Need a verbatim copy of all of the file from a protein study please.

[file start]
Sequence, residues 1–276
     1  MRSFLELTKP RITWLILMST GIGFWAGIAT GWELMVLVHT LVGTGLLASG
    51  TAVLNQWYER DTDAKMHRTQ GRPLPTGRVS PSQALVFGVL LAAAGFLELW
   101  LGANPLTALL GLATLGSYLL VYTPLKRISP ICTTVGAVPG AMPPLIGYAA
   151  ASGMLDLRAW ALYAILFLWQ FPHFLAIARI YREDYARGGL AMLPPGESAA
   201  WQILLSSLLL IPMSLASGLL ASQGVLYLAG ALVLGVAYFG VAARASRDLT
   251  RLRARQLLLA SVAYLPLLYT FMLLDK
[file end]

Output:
Sequence, residues 1–276
     1  MRSFLELTKP RITWLILMST GIGFWAGIAT GWELMVLVHT LVGTGLLASG
    51  TAVLNQWYER DTDAKMHRTQ GRPLPTGRVS PSQALVFGVL LAAAGFLELW
   101  LGANPLTALL GLATLGSYLL VYTPLKRISP ICTTVGAVPG AMPPLIGYAA
   151  ASGMLDLRAW ALYAILFLWQ FPHFLAIARI YREDYARGGL AMLPPGESAA
   201  WQILLSSLLL IPMSLASGLL ASQGVLYLAG ALVLGVAYFG VAARASRDLT
   251  RLRARQLLLA SVAYLPLLYT FMLLDK